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Macy’s to close 150 stores — 30% of chain — as new CEO takes helm

Macy’s said it will shut down 150 stores — about 30% of its US namesake chain — as the department-store giant tightens its focus on luxury under a new chief executive.

The retailer said in a Tuesday filing that the closures slated to take place over the next three years will free up as much as $750 million worth of real-estate assets as the department-store chain focuses on growing its luxury brands.

During the same three years, Macy’s plans to add 15 new outposts of its higher-end Bloomingdale’s stores, as well as 30 Bluemercury locations, its luxury cosmetics brand, according to Bloomberg.

Macy’s is planning to shutter 150 of its namesake US locations by 2026, the company announced Tuesday. The move will free up between $650 million and $750 million worth of real-estate assets. AFP via Getty Images

It’s the latest downsizing for Macy’s, a once-sprawling chain that operated 870 stores as recently as 2019, including 643 Macy’s locations.

The move also comes less than one month into the tenure of Macy’s new chief executive, Tony Spring, who took the helm following a four-decade career holding executive positions at Bloomingdale’s.

“Inflation is still up even if it’s not as high as it was. We’re going to have to fight for our fair share and fundamentally reposition the business for growth,” Spring said, according to Bloomberg.

It wasn’t immediately clear how many employees would be affected by the looming closures, though Macy’s said in its filing that it would incur a $50 million charge related to termination costs.

Many of the locations that are set to close are located near other Macy’s locations, meaning some workers could transfer, according to Bloomberg.

“The shopper is still under pressure,” Spring added.

Also by 2026, the department store-chain also has plans to open 15 new Bloomingdale’s and 30 new Bluemercury outposts. Getty Images

Representatives for Macy’s — which has some 500 stores nationwide — did not immediately respond to The Post’s request for comment.

Macy’s has been fighting of a pair of activist firms looking to buy the company for $5.8 billion — a deal Macy’s rejected last month, reportedly over concerns on valuation.

Arkhouse Management announced nine director candidates for Macy’s board last week — shortly after the retailer rejected a go-private bid from Arkhouse and its partner Brigade Capital.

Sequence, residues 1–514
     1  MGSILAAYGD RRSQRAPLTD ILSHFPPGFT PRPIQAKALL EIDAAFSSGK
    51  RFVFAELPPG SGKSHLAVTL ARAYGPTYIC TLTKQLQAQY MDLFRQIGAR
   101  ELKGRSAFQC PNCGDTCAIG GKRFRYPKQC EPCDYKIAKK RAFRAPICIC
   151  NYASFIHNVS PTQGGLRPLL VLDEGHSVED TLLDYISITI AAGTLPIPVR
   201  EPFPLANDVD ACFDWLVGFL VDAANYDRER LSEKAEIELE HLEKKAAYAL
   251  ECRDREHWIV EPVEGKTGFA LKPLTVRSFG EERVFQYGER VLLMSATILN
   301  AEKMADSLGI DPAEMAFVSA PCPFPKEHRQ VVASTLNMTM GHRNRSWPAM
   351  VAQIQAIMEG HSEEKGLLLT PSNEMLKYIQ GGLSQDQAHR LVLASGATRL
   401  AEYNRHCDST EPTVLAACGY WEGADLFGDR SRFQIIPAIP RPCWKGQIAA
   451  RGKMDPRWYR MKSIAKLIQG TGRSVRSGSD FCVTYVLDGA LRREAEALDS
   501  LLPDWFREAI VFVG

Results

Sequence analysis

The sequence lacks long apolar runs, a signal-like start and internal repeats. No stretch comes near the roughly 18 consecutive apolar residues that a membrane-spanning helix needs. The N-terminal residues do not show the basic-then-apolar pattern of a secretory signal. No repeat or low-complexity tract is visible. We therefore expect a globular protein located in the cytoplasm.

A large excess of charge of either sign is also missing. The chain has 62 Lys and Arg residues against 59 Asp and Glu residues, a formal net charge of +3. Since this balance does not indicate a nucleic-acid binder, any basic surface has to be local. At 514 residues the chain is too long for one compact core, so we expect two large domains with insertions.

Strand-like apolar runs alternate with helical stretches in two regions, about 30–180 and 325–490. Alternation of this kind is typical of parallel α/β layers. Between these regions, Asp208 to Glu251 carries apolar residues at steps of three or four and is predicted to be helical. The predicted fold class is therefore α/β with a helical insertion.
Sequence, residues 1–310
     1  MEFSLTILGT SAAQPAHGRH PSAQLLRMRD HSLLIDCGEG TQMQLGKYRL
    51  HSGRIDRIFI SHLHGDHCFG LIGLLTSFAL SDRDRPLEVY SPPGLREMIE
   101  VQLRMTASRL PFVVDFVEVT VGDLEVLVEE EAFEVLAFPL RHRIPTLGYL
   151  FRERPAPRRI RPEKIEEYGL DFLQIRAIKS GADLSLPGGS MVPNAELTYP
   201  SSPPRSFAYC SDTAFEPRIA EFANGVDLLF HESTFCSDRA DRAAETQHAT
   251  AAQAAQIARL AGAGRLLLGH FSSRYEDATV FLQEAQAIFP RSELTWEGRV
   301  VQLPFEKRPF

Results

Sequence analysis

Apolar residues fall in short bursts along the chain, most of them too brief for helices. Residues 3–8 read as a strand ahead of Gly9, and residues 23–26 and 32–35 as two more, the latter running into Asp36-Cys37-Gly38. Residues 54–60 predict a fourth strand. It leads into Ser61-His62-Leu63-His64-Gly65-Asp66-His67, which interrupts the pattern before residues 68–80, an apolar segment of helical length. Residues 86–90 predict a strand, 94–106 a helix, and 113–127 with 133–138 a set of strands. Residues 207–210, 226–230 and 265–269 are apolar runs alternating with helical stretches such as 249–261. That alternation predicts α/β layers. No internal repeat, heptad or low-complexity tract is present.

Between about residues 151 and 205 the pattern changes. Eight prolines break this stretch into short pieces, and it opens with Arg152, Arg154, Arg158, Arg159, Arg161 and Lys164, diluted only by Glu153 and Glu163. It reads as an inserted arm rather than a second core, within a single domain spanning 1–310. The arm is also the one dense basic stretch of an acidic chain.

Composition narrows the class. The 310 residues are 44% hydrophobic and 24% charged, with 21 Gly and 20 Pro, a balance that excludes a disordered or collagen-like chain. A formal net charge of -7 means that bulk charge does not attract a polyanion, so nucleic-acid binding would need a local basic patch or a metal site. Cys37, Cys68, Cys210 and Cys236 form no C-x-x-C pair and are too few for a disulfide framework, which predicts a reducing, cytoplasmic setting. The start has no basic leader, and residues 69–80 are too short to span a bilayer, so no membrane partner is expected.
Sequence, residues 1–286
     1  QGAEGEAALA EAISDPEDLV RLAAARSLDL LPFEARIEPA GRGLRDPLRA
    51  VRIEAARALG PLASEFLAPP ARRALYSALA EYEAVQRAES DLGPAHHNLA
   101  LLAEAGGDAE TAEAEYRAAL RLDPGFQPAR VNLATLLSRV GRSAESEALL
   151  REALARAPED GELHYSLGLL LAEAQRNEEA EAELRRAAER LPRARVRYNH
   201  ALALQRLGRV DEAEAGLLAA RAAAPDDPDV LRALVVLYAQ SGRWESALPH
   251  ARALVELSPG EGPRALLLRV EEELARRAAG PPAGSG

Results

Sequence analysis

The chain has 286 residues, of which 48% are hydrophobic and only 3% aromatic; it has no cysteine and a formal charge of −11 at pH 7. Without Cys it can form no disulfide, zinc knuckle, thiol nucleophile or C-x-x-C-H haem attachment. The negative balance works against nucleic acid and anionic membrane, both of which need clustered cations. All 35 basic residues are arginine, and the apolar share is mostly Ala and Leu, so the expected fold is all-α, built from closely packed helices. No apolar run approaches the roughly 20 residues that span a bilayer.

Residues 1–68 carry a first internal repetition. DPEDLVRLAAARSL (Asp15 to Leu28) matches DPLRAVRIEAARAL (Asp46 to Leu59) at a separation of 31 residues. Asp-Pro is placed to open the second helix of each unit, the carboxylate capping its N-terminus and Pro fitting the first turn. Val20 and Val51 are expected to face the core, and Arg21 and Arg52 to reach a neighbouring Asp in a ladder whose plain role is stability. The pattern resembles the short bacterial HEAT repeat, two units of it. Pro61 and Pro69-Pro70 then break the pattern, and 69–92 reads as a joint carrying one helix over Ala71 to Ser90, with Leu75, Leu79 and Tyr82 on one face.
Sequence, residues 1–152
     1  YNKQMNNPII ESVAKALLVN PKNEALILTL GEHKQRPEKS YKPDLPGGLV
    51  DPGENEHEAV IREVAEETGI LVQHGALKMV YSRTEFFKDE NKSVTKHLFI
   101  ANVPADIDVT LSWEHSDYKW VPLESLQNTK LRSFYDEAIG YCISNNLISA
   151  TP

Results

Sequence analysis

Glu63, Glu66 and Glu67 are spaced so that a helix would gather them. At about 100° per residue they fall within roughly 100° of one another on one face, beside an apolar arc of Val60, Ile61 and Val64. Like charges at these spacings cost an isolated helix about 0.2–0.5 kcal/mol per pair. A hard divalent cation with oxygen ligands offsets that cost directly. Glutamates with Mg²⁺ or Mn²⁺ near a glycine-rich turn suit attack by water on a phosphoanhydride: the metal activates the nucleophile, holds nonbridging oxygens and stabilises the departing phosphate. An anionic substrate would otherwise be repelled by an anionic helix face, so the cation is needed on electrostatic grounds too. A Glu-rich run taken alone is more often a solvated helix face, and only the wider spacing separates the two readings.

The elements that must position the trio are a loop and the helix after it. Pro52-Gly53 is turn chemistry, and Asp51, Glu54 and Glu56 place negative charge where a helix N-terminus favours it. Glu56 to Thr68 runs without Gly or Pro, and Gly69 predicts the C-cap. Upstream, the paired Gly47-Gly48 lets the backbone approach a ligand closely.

The announcement came less than one month into Tony Spring’s tenure as Macy’s CEO. Getty Images for Bloomingdale’s

Arkhouse said last Tuesday that it had provided additional financing details, including names of highly regarded equity partners – which have more than $75 billion in combined assets under management – for the 50% equity component of the transaction.

Macy’s, which has entered its 166th year in business, has been struggling recently with weak demand as customer cut back spending due to stubbonly-high inflation and elevated borrowing costs.

Macy’s fourth-quarter results posted Tuesday said sales fell nearly 2% in the all-important holiday quarter.

Revenue came in at $8.12 billion — slightly under the $8.15 billion Wall Street expected.

Moving forward, the company said that 2024 will be a year of “transition and investment,” and anticipated adjusted earnings of $2.45 to $2.85 a share — below the $3 analysts anticipated, and weaker than last year’s outlook.

Per the latest Consumer Price Index — which tracks changes in the costs of everyday goods and services — US inflation advanced a hotter-than-expected 3.1% in January, dampening hopes on Wall Street that the first of three highly-anticipated interest rate cuts this year could come as soon as March.

The Bureau of Labor Statistics is set to release February’s CPI report on March 12.



This story originally appeared on NYPost

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